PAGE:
Much like Robert Ford’s disillusionment, researching the Old West also leads to a bit of disappointment when compared to the Hollywood version we’ve seen for years. The Assassination of Jesse James by the Coward Robert Ford is one of many westerns that highlights the reality of the era rather than glorifying it.
The most obvious example that this is not a traditional western is the gunfight between Dick Liddil, Wood Hite, and Robert Ford. Dick and Wood shoot at each other at nearly point blank range, unloading their guns without either of them inflicting a mortal wound. Just like Unforgiven (which I will also write about in the future), the shootout is meant to show that when it comes to actually pulling a trigger a lot of factors come into play and the result is more sloppy than cinematic. I love a good Old West shootout as much as anyone, but I also appreciate realism. We all like to think we could be Clint Eastwood when the chips are down, but more likely most of us would be like Dick Liddil, missing shot after shot as we fall out of bed.
Aside from the shootouts, I love it when historical films highlight the mundane day-to-day life of the time period. Travel time and communication plays a big factor in The Assassination of Jesse James by the Coward Robert Ford. People are often gone because a trip from place to place takes weeks. Word travels slowly, so scheming is a bit easier as is hiding from people. Robert Ford is only forced to play his hand when Jesse reads a newspaper article. It’s a slow time, and the film replicates it poetically rather than in a boring manner.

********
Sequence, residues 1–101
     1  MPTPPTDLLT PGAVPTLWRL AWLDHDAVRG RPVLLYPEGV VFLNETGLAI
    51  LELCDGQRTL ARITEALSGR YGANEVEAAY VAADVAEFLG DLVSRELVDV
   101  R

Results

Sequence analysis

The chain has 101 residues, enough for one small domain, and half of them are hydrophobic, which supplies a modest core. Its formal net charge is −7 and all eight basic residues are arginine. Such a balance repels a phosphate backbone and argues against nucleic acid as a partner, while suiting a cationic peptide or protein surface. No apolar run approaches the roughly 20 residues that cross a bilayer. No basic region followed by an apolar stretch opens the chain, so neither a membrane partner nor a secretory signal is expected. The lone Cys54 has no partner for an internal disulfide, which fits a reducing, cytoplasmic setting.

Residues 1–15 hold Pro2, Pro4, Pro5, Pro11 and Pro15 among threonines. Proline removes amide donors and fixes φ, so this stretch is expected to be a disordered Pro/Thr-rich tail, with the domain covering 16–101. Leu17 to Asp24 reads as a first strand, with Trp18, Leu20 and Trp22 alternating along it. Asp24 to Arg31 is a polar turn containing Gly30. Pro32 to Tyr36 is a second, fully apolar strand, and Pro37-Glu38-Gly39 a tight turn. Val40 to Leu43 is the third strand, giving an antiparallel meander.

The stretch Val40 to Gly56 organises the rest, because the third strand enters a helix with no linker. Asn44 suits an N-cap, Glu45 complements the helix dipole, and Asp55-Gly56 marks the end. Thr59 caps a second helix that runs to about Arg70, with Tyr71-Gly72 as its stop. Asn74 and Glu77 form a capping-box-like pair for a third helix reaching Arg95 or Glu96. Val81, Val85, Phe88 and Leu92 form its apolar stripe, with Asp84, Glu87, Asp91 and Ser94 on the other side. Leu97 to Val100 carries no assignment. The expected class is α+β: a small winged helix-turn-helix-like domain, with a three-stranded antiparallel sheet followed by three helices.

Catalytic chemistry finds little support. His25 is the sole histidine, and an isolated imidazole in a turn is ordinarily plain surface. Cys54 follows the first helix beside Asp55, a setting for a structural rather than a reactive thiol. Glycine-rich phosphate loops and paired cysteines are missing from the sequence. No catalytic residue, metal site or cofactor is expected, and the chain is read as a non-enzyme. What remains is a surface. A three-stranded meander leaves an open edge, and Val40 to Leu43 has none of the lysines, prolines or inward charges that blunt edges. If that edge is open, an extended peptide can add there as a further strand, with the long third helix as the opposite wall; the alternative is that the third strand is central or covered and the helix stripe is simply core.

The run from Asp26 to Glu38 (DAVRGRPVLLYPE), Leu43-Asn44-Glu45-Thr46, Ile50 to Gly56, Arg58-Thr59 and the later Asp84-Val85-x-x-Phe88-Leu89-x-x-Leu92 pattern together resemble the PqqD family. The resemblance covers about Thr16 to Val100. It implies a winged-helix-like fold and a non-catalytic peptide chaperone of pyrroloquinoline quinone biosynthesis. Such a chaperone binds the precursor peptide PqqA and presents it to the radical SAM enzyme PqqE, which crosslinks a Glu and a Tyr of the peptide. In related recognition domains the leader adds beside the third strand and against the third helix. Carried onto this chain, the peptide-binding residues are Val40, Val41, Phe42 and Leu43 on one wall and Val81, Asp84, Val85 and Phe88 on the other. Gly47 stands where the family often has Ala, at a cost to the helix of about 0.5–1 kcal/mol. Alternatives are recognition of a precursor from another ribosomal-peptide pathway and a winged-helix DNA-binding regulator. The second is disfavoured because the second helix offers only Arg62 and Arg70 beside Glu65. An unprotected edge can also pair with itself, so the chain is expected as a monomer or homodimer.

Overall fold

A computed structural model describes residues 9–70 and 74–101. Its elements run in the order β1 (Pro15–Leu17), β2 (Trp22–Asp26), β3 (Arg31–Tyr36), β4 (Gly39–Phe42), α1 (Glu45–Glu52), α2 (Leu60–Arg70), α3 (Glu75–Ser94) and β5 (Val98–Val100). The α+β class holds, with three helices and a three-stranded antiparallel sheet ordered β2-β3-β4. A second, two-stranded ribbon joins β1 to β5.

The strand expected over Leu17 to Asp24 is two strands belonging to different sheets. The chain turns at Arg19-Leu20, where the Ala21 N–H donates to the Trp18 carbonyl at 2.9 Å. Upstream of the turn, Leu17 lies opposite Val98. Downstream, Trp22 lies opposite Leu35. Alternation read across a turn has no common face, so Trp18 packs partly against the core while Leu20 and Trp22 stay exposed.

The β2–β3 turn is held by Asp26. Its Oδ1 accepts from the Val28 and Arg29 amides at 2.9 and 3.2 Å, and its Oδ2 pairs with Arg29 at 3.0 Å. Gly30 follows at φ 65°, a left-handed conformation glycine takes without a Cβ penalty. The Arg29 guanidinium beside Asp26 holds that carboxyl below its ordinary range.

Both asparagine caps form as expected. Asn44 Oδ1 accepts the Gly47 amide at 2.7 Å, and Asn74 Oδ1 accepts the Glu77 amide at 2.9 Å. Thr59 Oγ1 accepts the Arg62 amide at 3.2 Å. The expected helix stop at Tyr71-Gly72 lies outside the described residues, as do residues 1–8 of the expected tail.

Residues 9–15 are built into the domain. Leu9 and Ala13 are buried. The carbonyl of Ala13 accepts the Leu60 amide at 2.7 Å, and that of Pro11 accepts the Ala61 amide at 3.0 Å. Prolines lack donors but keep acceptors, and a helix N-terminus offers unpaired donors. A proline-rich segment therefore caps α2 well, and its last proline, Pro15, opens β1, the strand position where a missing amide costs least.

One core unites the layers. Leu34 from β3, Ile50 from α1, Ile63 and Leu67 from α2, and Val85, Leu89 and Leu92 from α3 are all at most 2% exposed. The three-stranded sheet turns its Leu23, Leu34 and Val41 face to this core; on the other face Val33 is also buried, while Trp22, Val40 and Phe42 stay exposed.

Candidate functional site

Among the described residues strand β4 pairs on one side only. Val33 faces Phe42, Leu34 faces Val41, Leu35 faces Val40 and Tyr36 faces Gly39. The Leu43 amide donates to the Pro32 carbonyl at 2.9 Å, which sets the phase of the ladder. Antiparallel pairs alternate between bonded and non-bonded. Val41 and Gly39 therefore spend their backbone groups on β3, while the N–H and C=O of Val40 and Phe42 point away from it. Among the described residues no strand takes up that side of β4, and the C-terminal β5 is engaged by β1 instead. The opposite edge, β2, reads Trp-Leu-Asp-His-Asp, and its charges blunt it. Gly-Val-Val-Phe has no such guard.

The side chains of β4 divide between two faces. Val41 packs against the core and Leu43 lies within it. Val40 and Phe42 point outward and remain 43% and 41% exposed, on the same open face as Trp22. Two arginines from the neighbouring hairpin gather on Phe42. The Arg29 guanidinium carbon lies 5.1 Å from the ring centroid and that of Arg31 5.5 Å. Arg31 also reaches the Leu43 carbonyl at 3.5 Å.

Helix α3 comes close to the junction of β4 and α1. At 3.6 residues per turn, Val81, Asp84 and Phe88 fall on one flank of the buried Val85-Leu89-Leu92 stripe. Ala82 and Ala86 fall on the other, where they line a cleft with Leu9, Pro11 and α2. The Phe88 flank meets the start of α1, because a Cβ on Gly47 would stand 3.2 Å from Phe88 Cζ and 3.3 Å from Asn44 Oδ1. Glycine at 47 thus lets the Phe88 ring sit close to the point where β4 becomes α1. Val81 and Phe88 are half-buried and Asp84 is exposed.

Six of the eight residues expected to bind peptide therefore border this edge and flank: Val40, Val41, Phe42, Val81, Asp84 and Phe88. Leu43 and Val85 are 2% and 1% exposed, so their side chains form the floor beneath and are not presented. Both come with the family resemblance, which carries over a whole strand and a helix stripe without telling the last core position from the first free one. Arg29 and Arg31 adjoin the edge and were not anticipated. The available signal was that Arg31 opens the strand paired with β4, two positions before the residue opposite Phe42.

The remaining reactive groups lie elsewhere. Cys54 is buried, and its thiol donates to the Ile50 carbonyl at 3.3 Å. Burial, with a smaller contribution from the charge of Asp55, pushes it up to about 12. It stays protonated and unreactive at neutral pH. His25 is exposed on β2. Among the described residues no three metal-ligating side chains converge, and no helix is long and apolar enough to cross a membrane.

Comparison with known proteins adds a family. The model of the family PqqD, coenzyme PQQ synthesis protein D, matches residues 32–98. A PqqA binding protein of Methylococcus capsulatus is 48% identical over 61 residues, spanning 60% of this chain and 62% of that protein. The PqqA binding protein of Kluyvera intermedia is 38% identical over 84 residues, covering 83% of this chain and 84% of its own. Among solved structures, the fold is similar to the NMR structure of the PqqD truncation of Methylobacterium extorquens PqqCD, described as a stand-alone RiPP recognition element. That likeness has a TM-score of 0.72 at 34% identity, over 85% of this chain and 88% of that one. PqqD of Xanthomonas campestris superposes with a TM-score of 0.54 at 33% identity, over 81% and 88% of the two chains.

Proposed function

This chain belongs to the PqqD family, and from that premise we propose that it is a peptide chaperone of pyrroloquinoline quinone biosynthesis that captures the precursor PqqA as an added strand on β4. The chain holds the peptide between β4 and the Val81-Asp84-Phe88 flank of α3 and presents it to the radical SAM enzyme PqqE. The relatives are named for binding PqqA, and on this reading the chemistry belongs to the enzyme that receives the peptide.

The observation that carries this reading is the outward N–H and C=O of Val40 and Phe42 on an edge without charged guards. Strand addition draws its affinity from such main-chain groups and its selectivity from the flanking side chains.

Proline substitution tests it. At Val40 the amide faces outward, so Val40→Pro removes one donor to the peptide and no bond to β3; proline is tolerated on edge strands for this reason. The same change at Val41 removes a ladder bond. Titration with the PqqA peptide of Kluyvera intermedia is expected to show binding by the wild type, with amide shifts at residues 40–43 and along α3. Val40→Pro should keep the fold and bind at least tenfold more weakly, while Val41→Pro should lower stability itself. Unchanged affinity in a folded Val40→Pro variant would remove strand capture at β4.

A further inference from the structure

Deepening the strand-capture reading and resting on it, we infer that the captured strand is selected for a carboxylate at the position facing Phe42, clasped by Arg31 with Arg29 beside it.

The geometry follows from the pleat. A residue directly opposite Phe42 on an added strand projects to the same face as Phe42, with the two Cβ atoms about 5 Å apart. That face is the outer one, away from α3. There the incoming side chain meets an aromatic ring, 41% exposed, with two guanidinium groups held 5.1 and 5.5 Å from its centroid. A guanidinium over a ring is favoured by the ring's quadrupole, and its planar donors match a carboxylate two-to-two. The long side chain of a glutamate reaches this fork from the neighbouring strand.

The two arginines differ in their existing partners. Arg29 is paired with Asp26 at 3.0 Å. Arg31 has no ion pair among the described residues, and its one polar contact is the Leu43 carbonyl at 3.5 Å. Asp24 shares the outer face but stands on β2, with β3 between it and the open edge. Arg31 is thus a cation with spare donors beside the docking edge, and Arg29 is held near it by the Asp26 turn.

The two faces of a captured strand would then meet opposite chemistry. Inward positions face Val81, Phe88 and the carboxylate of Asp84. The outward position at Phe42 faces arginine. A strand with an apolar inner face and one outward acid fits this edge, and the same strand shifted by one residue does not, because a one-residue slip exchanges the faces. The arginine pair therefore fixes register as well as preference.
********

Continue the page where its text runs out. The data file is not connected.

I hate to refer to a film as a “tone poem” at this point, mainly because I’ve overused it over the years, especially in reference to films like those of Terence Malick (whose later films make for an easy comparison to The Assassination of Jesse James by the Coward Robert Ford). It’s not that it doesn’t fit, because it certainly does, but I just feel like it has become my go-to descriptor for a movie others might consider boring. I guess I just need to start being blunt about: a lot of people find this film boring, and I can understand why. But I find each frame beautiful and compelling, even when nothing is going on.
Anyone who might find this film boring is probably just dealing with incorrect expectations. Many people still want their westerns to be old-fashioned, filled with stand-offs and shoot-outs. I still like that stuff, too, but I knew going in that this movie wasn’t promising anything like that. Perhaps it’s the title. Speaking of which...